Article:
Journal of Biosciences and Medicines
Vol.07 No.03(2019), Article ID:90941,8 pages

Decrease in the Hospital Stay of Neonates with Suspected Nosocomial Sepsis with the Use of a Molecular Biology Technique

Jesús Reyna-Figueroa1*, María Fernanda Rodríguez-Sánchez1, Pilar Miyoko Martínez Matsumoto1, Federico Javier Ortiz-Ibarra2, Ana Elena Limón-Rojas1

1Hospital Central Sur de Alta Especialidad, Petróleos Mexicanos, Mexico City, Mexico

2Hospital Ángeles del Pedregal, Mexico City, Mexico

Copyright © 2019 by author(s) and Scientific Research Publishing Inc.

This work is licensed under the Creative Commons Attribution International License (CC BY 4.0).

Received: January 26, 2019; Accepted: March 3, 2019; Published: March 6, 2019


Introduction: Diagnostic alternatives that allow microbial identification in blood, such as molecular biology; have shown utility in neonatal sepsis. Objective: To evaluate the impact of a Light Cycler SeptiFast test (LCSF) on days of hospital stay and the use of newborn (NB) antibiotics with suspected sepsis. Methods: We included NB with LCSF test and blood culture (cases) and NB with only blood culture (controls). We evaluated the days of stay, days of antimicrobial use and number of deaths. Statistic analysis: Descriptive statistics was used. The association between the use of LCSF and variables such as mortality, days of stay, use of antimicrobials, and use of mechanical ventilation was analyzed by odds ratio with 95% CI. Results: We included 20 subjects in the case group and 40 in the control group. 8 (40%) of the cases were positive vs 6 (15%) of the controls in the control group. In the controls, the average days of stay were 65 + 15 vs 35 + 10 days of the cases (p < 0.05). There was no significant difference in mortality, nor in antimicrobial use. The use of molecular biology was a protective factor for prolonged stay OR 0.2 (95% CI 0.08 - 0.5) p = 0.001. Conclusions: The LCSF test influences the days of hospital stay, but does not impact mortality or the use of antimicrobials.


Sepsis, Newborns, Inpatient Stay, SeptiFast

1. Introduction

The indicators measure the use of the bed resource, such as days of hospital stay, together with indicators of aggregate data (continuous or based on rates) such as in-hospital mortality; they are constantly reviewed by health systems around the world, to evaluate the quality of their services [1] in diseases such as nosocomial sepsis, considered one of the main causes of death in Newborns (NB); the problem for its diagnosis also favors the indiscriminate use of antibiotics and antimicrobial resistance, to the increase in the days of hospitalization and consequently increases the costs generated by the disease [2] .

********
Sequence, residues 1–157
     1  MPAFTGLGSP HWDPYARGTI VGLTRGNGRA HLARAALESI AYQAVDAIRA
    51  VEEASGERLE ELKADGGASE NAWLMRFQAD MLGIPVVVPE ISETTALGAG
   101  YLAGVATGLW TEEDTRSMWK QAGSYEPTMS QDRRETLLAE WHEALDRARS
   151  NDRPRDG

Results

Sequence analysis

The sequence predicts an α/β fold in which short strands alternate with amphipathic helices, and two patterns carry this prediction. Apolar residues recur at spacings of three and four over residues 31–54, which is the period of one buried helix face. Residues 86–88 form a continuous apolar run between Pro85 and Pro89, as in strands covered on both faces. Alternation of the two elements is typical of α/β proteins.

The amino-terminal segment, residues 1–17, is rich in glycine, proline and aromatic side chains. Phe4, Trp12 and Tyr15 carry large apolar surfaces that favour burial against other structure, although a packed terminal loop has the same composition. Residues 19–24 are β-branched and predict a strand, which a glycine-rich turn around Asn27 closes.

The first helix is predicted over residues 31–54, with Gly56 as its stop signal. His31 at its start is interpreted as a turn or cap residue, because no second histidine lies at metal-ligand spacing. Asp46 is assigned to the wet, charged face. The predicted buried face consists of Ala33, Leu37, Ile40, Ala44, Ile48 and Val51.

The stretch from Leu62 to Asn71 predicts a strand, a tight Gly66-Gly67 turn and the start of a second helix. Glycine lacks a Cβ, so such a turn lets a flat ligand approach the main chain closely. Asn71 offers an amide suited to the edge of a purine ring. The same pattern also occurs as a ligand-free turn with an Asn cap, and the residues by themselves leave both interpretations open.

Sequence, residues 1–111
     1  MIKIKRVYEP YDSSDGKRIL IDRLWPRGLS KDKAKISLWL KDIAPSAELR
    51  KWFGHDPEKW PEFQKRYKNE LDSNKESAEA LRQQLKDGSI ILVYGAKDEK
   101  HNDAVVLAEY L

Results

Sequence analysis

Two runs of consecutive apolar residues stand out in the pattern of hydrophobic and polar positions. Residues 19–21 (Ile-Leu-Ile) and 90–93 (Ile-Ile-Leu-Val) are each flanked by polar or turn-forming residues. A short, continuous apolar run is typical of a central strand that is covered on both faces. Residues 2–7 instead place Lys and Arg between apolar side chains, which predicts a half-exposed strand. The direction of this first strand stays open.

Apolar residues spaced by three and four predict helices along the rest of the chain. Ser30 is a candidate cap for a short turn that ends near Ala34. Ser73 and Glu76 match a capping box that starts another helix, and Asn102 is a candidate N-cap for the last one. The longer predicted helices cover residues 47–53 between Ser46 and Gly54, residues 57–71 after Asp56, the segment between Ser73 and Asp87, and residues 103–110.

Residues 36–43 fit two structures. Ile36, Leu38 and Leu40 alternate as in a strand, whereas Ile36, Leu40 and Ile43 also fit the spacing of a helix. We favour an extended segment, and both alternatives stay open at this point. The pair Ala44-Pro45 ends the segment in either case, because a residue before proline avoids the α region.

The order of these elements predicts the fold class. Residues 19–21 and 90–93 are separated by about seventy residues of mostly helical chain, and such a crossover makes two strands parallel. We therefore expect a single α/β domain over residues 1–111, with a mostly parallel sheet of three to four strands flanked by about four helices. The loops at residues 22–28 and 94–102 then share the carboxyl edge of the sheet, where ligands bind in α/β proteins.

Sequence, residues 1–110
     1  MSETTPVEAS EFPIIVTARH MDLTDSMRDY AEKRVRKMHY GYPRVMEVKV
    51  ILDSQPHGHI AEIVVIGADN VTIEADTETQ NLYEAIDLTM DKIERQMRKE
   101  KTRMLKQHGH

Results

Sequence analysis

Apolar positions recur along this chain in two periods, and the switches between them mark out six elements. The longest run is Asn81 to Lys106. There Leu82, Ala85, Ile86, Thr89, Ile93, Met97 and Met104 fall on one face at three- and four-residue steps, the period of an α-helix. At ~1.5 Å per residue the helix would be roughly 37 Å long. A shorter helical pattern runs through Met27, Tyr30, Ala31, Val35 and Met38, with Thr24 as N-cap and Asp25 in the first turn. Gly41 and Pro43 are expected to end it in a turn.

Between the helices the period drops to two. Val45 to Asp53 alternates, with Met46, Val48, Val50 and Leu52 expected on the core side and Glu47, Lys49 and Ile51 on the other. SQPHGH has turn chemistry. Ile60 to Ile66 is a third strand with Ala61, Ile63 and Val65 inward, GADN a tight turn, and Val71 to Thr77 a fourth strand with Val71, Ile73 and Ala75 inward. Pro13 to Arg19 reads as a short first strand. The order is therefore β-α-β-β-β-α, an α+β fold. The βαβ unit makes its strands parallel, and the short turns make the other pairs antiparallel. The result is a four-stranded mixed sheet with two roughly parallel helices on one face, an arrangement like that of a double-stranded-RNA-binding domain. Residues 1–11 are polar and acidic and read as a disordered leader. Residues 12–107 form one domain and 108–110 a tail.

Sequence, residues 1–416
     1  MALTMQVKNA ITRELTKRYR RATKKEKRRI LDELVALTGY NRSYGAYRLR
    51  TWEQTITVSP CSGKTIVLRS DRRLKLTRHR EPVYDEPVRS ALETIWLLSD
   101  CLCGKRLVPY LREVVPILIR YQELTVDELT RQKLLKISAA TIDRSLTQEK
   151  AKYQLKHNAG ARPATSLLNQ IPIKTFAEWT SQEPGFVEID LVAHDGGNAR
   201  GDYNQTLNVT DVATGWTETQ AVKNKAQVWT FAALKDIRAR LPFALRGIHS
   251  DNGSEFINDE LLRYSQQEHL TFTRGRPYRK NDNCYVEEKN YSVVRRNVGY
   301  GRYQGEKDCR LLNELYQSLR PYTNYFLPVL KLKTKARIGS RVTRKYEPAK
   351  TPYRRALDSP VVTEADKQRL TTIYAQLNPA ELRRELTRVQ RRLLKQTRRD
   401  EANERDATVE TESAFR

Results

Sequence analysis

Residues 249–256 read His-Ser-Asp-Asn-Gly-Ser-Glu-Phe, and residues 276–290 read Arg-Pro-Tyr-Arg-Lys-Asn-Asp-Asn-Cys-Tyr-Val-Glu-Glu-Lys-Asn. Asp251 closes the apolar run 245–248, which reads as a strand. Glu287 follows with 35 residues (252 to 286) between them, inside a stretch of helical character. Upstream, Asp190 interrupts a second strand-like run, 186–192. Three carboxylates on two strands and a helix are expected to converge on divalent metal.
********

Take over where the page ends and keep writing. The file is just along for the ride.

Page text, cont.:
In recent years, the diagnostic alternatives that allow microbial identification in blood, such as molecular biology; have shown, in comparison with blood culture, and greater efficacy in the detection of the different pathogenic species that cause sepsis, which is a benefit for the NB [3] [4] and an impact on the health indicators, considering that if the antimicrobial therapy is properly administered in the septic patient, it will improve the survival, and the days of stay and decrease the costs in antibiotics [5] [6] . Contradictorily, even with the favorable results presented in different studies, molecular biology techniques have not been able to position themselves as the diagnostic standard of sepsis in daily clinical practice [7] [8] .

We previously published a cohort in which we compared the diagnostic efficacy of Light Cycler SeptiFast® Roche (LCSF) compared to blood culture; finding a sensitivity of 0.69 and specificity of 0.65, with a concordance for the detection of microorganisms of 0.21 (Kappa value); LCSF detected a greater number of microorganisms than blood culture [9] , pending the evaluation of the impact of the use of the commercial technique of molecular biology on days of hospital stay, the use of antibiotics and the mortality of newborns with suspected sepsis.

2. Material and Methods

2.1. Population

Through a case-control study, we included NB patients with suspected sepsis from the pediatric service of the South Central Hospital of High Specialty of Petróleos Mexicanos (Mexico), attended from 2014 to 2016; to those who were asked for the LCSF test and blood culture (considered cases) and to NB with suspicion of sepsis to which only the blood culture was requested (called controls).

2.2. Operational Definitions